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Patek and Cartier Ladies’ Watches

James Lowe, Watch and Jewellery Specialist

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In general, and in contrast to gentlemen’s watches, the price of a ladies’ watch tends to reflect the value in the precious metal, the decorative elements such as diamonds plus the manufacturing costs rather than the complexity of the movement. Today’s price per ounce for gold bullion is $1500, in 2002 (when Gordon Brown was selling off some of the UK gold reserves) the price was around $350, so there’s a four-fold increase in material cost to consider. Another huge factor, especially in ladies’ luxury watches, is of course the big brand name premium.


Patek Philippe

Patek Philippe produce only around 62,000 watches per year and according to Patek company policy, only 10% are made in steel. This is because the company considers itself a luxury product maker rather than a sports’ product maker like Rolex. Of the 6,500 or so steel watches produced, the majority are from the ladies’ Twenty4 range. This results in the gents’ steel watches like the Nautilus models being in very short supply, hence the huge price premiums for this model on the secondary market. The Twenty4 range was introduced around 2000 and has proved very popular but always with a standard quartz movement. However, last year a circular cased automatic model was introduced. The two Patek examples here are the cheapest and most expensive in the range.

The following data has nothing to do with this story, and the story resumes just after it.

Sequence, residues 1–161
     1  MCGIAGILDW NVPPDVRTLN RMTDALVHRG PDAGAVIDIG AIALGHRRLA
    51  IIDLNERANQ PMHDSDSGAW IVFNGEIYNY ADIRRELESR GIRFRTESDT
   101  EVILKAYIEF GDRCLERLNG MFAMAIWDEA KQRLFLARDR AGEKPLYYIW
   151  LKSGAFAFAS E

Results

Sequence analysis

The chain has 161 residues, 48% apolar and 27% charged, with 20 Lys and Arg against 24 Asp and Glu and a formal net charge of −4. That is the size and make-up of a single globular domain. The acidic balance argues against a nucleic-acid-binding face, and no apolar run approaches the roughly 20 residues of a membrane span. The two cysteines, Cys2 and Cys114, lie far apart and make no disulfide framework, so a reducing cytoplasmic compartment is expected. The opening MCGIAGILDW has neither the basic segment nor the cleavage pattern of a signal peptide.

Ladies’ Twenty4 steel bracelet watch with diamonds reference 4910/10A.

2002 £3,950

2008 £5,920

2019 £9,550


Ladies’ Twenty4 18 carat gold bracelet watch with diamonds reference 4910/11R

2002 £9,450

2008 £20,850

2019 £32,560



Cartier introduced the Panthere range of watches in 1983 to compliment the Panthere jewellery range, and it proved to be a very successful model which was discontinued about 10 years ago but relaunched in 2017. It has remained virtually unchanged (apart from its retail price!!) – and although some of the larger models have automatic movements the smaller model which we illustrate here has retained its standard quartz movement.


Ladies’ Panthere 18 carat yellow gold bracelet watch, mini size, reference W25034B9

2002 £5,900

2008 £9,750

2019 £17,800



Ladies’ Tank Francaise steel bracelet watch, mini size, reference W51008Q3

2002 £1,550

2008 £1,920

2019 £2,890

All the major brands have an understandable policy of refreshing or slightly altering the models in their watch ranges on a regular basis, which does at least give them a chance to nudge the retail prices up regularly. This result in a wide gap between a current retail price and the secondhand/auction value of a five or so year old example. It is therefore very important for both the insured and the insurer to establish whether the insurance cover is on a ‘new for old’ or a ‘second hand replacement value’.